We're not sure where this metal art was on street exhibit, but, grandkids Ellie and Bobby certainly looked smaller by comparison. These photos came in celebration of National Grandparents Day, which was marked earlier this month.
Since we had forgotten the date, I decided to learn more about this largely U.S. celebration. However, Grandparents Day is recognized in other countries on various days of the year, either as one holiday or sometimes as a separate Grandmother's and/or Grandfather's Day.
National Grandparents Day (NGD) has several origins in the U.S. and most often is attributed to the efforts of Marian Lucille Herndon McQuade of West Virginia. Throughout the 1970s, she worked to educate people about the contributions of seniors and urged people to adopt a grandparent, not only for a day or for gift-giving, but for a lifetime of experience. As a child, McQuade had visited her grandmother's 130-acre WV farm and recalled how she would walk to visit elderly in the area after a day's work. NGD was signed into law by President Jimmy Carter in 1978 and it was first observed on Sunday, Sept 9, 1979, the first Sunday in Sept after Labor Day.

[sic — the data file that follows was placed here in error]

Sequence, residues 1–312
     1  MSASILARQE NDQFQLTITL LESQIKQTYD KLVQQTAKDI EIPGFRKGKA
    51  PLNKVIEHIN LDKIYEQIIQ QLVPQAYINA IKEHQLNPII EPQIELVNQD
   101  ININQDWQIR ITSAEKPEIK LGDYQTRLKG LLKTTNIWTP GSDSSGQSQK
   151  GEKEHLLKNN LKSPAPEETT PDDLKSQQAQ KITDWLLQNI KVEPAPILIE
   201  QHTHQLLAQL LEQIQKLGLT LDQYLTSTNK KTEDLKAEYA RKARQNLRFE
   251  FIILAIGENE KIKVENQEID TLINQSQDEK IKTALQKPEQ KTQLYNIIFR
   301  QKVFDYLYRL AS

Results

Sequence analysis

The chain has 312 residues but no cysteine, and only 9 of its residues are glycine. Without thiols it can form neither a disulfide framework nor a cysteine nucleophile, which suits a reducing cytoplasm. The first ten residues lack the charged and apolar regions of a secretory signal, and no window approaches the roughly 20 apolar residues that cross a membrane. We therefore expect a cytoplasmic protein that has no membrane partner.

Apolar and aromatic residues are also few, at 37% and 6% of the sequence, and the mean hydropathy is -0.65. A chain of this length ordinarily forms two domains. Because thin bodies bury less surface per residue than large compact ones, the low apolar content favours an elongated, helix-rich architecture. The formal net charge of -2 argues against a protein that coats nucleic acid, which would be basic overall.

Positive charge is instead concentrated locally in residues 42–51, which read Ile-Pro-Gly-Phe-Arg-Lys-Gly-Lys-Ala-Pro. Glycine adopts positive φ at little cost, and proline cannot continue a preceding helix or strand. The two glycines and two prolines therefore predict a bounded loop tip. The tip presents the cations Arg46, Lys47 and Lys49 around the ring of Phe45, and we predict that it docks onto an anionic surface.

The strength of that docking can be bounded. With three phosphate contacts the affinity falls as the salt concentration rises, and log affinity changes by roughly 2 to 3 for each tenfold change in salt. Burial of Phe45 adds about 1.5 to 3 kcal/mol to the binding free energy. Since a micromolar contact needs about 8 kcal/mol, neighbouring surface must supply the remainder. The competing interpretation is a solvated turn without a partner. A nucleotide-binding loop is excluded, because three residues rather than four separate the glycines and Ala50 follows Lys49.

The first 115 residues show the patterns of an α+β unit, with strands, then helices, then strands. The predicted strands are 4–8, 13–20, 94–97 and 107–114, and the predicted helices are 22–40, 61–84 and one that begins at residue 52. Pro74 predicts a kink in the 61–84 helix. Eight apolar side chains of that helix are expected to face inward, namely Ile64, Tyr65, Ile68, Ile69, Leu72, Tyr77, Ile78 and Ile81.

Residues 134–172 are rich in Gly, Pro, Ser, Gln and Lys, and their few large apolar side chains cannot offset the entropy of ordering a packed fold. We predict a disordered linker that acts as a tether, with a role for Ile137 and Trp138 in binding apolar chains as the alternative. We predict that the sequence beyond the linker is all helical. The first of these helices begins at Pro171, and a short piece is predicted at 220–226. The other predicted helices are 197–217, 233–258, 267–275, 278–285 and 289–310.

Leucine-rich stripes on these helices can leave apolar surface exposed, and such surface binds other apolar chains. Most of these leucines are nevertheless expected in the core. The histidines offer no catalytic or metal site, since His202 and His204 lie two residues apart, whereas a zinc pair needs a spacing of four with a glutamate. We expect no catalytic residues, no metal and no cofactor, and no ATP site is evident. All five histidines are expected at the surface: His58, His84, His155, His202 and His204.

What's a holiday without a flower or even a song — NGD has both.
The official National Grandparents Day flower is oddly the “forget-me-not” flower which blooms not in late summer, but in the spring. There's also an official song: A Song for Grandma and Grandpa by Johnny Prill, also a grandparent. Prill volunteered at a nursing home where his grandmother resided. (Yes, there's an official website where you can hear it performed, but I've
mercifully left out that link. If you go there, you will thank me for this omission.)
Just so you, and we, will know — in 2015, Grandparents Day will be celebrated on Sunday, Sept 13. The date changes yearly as it is tied to Labor Day, but it's never earlier than Sept 7 or later than Sept 13.